Nota Bene

Posted: March 5, 2018 in Uncategorized

As laptops become smaller and more ubiquitous, and with the advent of tablets, the idea of taking notes by hand just seems old-fashioned to many students today. Typing your notes is faster — which comes in handy when there’s a lot of information to take down. But it turns out there are still advantages to doing things the old-fashioned way.

For one thing, research shows that laptops and tablets have a tendency to be distracting — it’s so easy to click over to Facebook in that dull lecture. And a study has shown that the fact that you have to be slower when you take notes by hand is what makes it more useful in the long run.

In the study published in Psychological Science, Pam A. Mueller of Princeton University and Daniel M. Oppenheimer of the University of California, Los Angeles sought to test how note-taking by hand or by computer affects learning.

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Comments
  1. Josh Holt says:

    I found this topic very interesting because I have had many teachers and professors over the years who have differing opinions regarding the use of laptops. While this article makes many good points, for example that you may have more retention when taking hand written notes, I don’t think it matters. Students, especially in universities, are part of a generation of technology. Some of the practical reasons for using technology such as improved organization are appealing to people of our generation. Furthermore, the article comments that laptops are very distracting because of the ease at which you can open facebook during a boring lecture. However, I think that the use of technology forces students to decide if they will learn to control tech, or let it control them. This world is headed toward many more technological advances, so we best learn to use it wisely now.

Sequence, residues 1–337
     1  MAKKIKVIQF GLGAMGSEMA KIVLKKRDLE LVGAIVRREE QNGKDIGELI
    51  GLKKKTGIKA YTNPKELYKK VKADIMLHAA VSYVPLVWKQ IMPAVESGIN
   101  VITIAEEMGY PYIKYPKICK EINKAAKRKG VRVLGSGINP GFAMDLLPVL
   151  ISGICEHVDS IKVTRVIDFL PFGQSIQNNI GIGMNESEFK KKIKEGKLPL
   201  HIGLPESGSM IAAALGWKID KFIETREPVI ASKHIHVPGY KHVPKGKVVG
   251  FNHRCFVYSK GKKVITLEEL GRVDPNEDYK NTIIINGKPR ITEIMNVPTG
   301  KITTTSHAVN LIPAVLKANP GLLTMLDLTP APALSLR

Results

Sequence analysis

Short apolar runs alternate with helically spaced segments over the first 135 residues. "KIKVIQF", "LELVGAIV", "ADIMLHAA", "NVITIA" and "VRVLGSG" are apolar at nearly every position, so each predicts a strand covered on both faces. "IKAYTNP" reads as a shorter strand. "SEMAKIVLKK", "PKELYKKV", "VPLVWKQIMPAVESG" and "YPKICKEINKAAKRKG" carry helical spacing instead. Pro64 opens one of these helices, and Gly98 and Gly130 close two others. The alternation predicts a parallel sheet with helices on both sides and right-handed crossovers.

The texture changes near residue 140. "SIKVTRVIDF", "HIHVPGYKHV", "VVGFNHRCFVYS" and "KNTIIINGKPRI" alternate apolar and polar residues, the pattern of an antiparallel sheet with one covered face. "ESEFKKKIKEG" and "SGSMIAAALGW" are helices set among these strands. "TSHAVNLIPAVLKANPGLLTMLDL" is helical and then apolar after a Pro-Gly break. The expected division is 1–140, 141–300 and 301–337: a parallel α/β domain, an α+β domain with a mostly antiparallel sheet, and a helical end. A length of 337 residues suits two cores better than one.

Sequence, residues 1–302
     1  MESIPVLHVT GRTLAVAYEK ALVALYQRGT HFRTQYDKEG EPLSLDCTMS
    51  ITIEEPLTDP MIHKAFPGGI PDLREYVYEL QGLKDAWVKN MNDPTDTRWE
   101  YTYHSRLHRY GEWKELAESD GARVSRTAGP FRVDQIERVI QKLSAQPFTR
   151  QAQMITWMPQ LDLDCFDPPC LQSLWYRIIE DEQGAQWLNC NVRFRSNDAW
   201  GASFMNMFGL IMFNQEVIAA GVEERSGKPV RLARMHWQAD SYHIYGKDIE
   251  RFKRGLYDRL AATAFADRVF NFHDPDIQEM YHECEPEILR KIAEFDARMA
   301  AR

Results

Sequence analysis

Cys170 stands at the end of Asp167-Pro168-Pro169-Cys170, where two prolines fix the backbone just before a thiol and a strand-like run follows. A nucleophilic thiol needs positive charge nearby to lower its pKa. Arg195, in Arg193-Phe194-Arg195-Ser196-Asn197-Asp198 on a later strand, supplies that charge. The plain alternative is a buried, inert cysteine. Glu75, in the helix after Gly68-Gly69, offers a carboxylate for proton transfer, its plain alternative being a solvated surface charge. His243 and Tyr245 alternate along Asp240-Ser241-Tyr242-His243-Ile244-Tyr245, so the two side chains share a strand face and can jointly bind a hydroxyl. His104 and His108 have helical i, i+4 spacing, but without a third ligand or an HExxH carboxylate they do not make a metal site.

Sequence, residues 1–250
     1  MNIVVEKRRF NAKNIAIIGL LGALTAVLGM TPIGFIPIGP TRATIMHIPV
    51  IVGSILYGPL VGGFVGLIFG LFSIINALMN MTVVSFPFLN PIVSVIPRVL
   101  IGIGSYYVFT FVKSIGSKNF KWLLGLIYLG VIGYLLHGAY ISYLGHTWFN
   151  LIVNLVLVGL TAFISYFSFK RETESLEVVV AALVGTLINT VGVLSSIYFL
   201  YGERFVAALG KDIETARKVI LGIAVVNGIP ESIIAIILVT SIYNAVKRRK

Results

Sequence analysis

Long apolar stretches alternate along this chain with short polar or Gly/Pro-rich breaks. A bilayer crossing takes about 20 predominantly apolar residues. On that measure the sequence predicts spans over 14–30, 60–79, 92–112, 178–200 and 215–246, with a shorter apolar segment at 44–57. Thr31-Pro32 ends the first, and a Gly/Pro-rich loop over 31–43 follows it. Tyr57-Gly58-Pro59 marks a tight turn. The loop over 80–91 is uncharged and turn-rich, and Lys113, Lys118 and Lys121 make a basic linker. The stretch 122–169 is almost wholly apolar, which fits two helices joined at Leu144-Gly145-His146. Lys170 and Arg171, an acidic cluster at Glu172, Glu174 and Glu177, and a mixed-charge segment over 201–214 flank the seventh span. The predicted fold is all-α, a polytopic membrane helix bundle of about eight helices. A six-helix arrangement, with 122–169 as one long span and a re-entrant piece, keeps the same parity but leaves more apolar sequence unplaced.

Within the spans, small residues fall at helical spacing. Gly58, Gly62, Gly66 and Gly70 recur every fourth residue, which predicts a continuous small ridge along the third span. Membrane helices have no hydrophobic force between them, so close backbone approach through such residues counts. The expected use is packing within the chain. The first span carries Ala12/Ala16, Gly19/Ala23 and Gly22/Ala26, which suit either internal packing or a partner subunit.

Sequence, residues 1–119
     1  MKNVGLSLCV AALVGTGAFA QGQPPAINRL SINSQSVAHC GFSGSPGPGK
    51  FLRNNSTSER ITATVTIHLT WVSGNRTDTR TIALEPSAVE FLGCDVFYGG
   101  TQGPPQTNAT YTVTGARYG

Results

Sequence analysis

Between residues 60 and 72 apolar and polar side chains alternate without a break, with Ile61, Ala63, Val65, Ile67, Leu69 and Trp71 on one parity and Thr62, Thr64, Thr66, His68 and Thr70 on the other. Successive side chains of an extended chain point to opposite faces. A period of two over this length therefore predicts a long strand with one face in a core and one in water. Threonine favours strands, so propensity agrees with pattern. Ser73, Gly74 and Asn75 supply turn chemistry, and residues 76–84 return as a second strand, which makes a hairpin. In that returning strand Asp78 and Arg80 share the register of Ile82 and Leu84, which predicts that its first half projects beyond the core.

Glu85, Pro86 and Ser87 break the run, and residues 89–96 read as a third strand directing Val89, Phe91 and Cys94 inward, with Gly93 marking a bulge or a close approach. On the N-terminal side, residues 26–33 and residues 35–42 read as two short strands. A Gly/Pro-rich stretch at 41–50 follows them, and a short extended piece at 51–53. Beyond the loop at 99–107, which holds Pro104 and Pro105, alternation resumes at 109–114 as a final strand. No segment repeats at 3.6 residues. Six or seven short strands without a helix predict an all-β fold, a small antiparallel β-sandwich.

• I certainly agree that tech is not going away, and that students need to learn how to interact with it responsibly. However, I must disagree with the use of technology in learning is a matter of indifference. Everything I have been reading for the last decade indicates to me that that we don’t simply use technology, but that technology, in turn, uses us back. Human consciousness, per se, does not exist. It always exists within some technological apparatus, and the apparatus within which it exists determines the form which consciousness can take. This is something I have tried to stress throughout the entire semester when discussing mediums and medium specificity. This precisely what Brecht has in mind when discussing the apparatus of the theater. To miss this point is not to understand Brecht at all. If it did manage to get by you, fear not! Our discussion of the topic will continue, in a more technical and nuanced form, in our next reading, by Walter Benjamin.

      If you want to have a glance at the kind of readings in Media Studies I’ve been pursuing most recently, please have a glance at the following. This study is truly brilliant.

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